In 1870-72, John Marius Wilson's Imperial Gazetteer of England and Wales described Llangoedmor like this:
LLANGOEDMORE, or LLANGoEDMAWR, a parish in the district and county of Cardigan; on the river Teifi and on the Cardigan railway, at the boundary with Pembroke, 1 mile E by S of Cardigan. Post town, Cardigan. Acres, 4,946. Real property, with Llechryd, £5,040. Rated property of Llangoedmore alone, £3,775. Pop. in 1851,990; in 1861,902. Houses, 217. The property is divided among a few. The manor belonged to the Langleys; passed to the Mortimers and the Lewises; and belongs now to the Lloyds. ...
Coedmore, in a charming situation, nearly opposite Cilgerran Castle, is the seat of T. E. Lloyd, Esq.; and Llangoedmore, of Mrs. Millingchamp. Trevorgan also is a chief residence. Slate is found. A well and a cave called St. Cynllo's, are near the church; and there are some Druidical stones. A battle was fought, in 1135, near Crugmawr, between Gruffydd ab Rhys and the English. The living is a rectory in the diocese of St. David's. Value, £440. Patron, R. D. Jenkins, Esq. The church is dedicsted to 8.5Cynllo; was repaired in 1830; and was restored in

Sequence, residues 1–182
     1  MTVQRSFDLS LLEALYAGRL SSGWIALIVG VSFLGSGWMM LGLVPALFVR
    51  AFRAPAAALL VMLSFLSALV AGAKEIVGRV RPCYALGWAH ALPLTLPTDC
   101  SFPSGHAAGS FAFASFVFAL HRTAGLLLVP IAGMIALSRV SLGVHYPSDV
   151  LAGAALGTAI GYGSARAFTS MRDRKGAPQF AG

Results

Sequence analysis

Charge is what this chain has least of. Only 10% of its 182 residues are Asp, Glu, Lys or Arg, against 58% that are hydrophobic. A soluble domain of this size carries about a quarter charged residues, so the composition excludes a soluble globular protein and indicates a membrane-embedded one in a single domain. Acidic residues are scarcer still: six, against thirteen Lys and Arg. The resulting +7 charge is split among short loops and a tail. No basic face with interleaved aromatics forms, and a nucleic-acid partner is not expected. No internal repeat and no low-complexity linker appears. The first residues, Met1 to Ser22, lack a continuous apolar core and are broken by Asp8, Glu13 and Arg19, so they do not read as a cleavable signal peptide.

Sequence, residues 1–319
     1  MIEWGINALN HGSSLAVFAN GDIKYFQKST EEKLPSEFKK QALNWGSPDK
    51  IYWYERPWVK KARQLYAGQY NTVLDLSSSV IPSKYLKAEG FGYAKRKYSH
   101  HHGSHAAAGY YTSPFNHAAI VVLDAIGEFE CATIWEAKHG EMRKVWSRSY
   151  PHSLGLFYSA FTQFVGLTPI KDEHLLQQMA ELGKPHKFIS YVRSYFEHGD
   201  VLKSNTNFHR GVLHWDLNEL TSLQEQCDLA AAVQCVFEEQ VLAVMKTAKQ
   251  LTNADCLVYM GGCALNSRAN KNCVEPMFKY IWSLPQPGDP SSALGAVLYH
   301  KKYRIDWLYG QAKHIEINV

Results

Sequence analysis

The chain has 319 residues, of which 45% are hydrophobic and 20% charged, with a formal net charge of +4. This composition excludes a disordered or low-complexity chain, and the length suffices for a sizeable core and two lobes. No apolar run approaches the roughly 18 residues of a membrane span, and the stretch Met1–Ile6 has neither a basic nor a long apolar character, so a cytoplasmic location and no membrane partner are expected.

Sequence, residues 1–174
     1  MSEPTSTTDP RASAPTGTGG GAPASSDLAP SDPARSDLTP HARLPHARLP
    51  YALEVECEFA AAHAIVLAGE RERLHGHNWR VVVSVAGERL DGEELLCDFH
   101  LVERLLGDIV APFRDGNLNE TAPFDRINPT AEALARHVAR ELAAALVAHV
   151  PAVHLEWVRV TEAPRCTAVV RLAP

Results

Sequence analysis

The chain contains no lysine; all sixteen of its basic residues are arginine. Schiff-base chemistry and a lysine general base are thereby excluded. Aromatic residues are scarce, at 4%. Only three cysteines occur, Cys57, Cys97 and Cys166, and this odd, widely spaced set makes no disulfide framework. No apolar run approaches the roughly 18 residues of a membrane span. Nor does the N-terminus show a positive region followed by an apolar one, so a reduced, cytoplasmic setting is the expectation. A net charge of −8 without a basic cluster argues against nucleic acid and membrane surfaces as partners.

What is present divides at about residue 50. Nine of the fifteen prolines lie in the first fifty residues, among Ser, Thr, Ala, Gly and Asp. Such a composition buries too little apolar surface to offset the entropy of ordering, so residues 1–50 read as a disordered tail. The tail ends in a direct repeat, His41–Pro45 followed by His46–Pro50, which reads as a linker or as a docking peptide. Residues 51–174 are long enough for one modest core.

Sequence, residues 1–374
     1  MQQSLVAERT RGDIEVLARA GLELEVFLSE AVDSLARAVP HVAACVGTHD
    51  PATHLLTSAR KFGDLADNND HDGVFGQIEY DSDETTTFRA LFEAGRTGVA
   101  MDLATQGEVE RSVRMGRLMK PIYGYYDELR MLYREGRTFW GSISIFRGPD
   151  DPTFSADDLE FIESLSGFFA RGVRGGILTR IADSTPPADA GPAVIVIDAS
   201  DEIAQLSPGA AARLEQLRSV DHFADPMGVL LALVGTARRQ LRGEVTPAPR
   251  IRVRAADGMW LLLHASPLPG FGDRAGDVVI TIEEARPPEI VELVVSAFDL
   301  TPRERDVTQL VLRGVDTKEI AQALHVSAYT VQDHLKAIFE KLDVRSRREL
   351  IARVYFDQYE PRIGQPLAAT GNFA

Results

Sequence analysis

A Vision of Britain through Time includes a large library of local statistics for administrative units. For the best overall sense of how the area containing Llangoedmor has changed, please see our redistricted information for the modern district of Ceredigion. More detailed statistical data are available under Units and statistics, which includes both administrative units covering Llangoedmor and units named after it.
GB Historical GIS / University of Portsmouth, History of Llangoedmor, in Ceredigion and Cardiganshire | Map and description, A Vision of Britain through Time.
Date accessed: 03rd September 2015
Click here for more detailed advice on finding places within A Vision of Britain through Time, and maybe some references to other places called "Llangoedmor".